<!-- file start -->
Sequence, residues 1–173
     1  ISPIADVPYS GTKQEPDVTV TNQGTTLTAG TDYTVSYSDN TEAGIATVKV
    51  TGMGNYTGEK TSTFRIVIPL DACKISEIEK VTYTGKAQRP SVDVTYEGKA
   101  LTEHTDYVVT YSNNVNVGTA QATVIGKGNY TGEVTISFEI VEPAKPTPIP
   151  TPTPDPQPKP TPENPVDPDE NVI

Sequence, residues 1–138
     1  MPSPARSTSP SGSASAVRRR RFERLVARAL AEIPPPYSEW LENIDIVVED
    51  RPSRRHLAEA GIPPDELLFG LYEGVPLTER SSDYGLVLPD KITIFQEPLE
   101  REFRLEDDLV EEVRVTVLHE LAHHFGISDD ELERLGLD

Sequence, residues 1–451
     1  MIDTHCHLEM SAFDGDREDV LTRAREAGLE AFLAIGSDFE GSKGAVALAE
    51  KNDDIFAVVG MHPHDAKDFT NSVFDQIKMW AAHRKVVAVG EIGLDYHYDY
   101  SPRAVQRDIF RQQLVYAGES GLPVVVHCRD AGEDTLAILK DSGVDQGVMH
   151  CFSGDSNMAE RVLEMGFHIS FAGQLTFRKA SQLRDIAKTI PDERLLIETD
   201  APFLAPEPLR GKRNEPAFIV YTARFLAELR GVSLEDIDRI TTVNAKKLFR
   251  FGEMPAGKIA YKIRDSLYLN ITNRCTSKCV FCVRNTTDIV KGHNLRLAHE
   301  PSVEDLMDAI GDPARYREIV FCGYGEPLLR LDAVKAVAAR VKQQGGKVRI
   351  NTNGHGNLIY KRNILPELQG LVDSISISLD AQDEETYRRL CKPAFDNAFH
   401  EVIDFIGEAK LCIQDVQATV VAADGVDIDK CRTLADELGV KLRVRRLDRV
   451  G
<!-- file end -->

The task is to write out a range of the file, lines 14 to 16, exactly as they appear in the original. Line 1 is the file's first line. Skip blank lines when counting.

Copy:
   151  CFSGDSNMAE RVLEMGFHIS FAGQLTFRKA SQLRDIAKTI PDERLLIETD
   201  APFLAPEPLR GKRNEPAFIV YTARFLAELR GVSLEDIDRI TTVNAKKLFR
   251  FGEMPAGKIA YKIRDSLYLN ITNRCTSKCV FCVRNTTDIV KGHNLRLAHE